This is the "Card Therapy" introduction page
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In August 1997 I quit smoking with the use of some 3 X 5 cards. On the cards, I wrote down reasons for quitting smoking, and I wrote down some of the rational thoughts that I used to combat cravings. As it turned out, I came up with 3 categories of cards:
(1) Smoking: What it was like (the essay)
This is where I wrote down in detail what it was like when I was smoking. This served as a reminder of how the smoking days were not pleasant at all. I wrote most of this section down before I had quit, so I would not later forget or discount the pain that smoking was causing me.
(2) The Main Non-Smoking Cards (thoughts to combat cravings)
Whenever I found myself craving, I asked myself what is the trigger (activating events) that caused the cravings to start? I wrote that down, as well as the irrational thinking that was feeding the cravings. Then I wrote down some rational thoughts, disputing the irrational thinking. And I wrote down the consequences of giving in.
(3) The Reasons to Quit List
This is a brief list of the reasons to quit smoking
Skip Ahead to The Main Quit-Smoking Cards Below
I used 3 X 5 cards because they were convenient and informal, and because if I wrote one that I wasn't satisfied with, I could just throw it away with little loss in invested time (since one can't write much on a card to begin with). Whereas if I instead used regular paper, I hated the thought of messing up and throwing away a whole sheet of paper which might have an hour or more work on it.
THE 3 X 5 CARDS WERE THE MOST CRUCIAL PART OF MY QUIT PROCESS. I made more than 20 of them as I went along. Typically, what would happen is that I would have a strong craving to have a cigarette (sickarette). Then, after reading some cards, the idea of having a sickarette would seem incredibly silly. I found that I always calmed myself down and that I *never* gave into an urge when I took the time to read some cards. The only times that I slipped were when I didn't have the cards with me, or when I said to heck with reading the cards. But though I slipped, I fortunately never completely relapsed back into regular smoking.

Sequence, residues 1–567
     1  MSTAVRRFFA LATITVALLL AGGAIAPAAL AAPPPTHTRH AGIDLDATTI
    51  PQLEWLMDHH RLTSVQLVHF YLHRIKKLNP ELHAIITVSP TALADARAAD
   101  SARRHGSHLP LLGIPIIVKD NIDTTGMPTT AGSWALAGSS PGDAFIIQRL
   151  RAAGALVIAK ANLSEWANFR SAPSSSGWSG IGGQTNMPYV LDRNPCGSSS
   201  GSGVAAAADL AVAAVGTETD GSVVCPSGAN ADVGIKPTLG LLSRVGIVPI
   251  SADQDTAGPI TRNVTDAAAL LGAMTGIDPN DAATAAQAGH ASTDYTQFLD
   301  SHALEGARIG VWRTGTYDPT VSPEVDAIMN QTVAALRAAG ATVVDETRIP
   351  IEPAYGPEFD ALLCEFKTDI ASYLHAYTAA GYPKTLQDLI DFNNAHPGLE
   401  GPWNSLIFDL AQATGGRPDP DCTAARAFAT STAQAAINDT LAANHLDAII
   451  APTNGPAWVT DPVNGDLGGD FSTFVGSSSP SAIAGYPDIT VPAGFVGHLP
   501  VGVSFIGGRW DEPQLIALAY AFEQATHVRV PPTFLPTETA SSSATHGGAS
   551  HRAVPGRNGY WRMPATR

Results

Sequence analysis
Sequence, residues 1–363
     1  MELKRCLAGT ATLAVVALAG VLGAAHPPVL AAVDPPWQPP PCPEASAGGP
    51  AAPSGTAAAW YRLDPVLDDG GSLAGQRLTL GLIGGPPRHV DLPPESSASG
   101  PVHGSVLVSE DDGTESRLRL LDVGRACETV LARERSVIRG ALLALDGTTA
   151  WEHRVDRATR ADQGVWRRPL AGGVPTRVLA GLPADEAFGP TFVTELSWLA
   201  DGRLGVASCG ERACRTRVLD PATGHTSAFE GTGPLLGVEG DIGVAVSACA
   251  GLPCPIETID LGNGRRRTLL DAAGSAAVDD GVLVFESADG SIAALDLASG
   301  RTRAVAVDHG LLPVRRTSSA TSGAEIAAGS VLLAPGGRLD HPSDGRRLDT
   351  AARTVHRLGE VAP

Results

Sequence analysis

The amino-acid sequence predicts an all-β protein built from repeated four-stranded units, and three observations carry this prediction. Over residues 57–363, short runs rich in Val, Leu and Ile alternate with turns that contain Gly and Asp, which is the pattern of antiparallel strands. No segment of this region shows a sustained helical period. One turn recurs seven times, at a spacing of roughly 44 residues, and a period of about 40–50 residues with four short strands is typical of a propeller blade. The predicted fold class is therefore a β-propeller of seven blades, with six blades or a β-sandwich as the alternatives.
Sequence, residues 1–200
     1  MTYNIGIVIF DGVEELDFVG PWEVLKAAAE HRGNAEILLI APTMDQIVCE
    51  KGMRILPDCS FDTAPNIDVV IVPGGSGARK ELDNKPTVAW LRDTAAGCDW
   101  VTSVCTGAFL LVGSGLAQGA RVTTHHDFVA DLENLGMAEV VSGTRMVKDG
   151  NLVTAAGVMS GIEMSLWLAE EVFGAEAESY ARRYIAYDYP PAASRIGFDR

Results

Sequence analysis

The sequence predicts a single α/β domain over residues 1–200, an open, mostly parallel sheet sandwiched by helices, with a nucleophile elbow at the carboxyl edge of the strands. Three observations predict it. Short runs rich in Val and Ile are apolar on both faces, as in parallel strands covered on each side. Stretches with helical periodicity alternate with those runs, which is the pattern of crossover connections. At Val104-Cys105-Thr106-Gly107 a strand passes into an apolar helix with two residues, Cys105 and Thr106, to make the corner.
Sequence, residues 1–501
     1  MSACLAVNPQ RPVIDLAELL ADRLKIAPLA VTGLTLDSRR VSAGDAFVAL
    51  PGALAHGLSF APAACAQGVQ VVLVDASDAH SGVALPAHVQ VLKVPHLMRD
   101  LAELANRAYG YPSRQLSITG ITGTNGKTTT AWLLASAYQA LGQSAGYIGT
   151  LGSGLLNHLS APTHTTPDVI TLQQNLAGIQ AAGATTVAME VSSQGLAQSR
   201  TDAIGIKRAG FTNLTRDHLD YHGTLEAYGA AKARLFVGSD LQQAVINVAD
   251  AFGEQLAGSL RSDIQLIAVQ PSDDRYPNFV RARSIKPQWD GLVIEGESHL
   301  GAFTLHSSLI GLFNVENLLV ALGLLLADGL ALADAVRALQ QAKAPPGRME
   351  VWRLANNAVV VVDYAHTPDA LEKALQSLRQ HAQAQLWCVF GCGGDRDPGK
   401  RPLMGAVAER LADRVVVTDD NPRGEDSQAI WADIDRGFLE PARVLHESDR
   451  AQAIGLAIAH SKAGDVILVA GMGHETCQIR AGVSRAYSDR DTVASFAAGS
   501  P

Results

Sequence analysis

Whereas in many previous quits, I succumbed to the cravings even though I carried around and read a "reasons to quit list". Some of the cards are "reasons to quit". But most of the cards were, for me, much more powerful than that, particularly the ones that have rational statements to tell oneself when the cravings hit, like:
"Having just one sickarette won't sooth my cravings for long -- I will just want another sickarette even more strongly 10 minutes after I'm done with it."
"A sickarette might taste and feel good, but not all that great, certainly nothing to blow a quit over".
"I don't want to have to go through another quit. I may not succeed in quitting again, or it might be terribly difficult, even more difficult than this quit."
Skip Ahead to The Main Quit-Smoking Cards Below
A reasons - to - quit list is helpful. However, I already knew that I very much wanted to quit. My problem was that I kept thinking that I could get away with 'just one' sickarette every weekend or during crisis situations.
Few of us think we are going back to full time smoking when we first slip. Rather, almost all slips and relapses begin with the thought that we can get away with 1 or 2 sickarettes.
So I believe that we need to spend more of our effort fighting the "I can get away with one or two sickarettes now" gremlin, rather than the "to heck with it, lets give up and go back to smoking" gremlin. The gremlin is smarter than to use the latter argument, because it knows that we have our "reasons to quit list", and he senses that we are determined not to go back to "full time smoking". So, to get around that, the gremlin will try the "just one" line of seduction.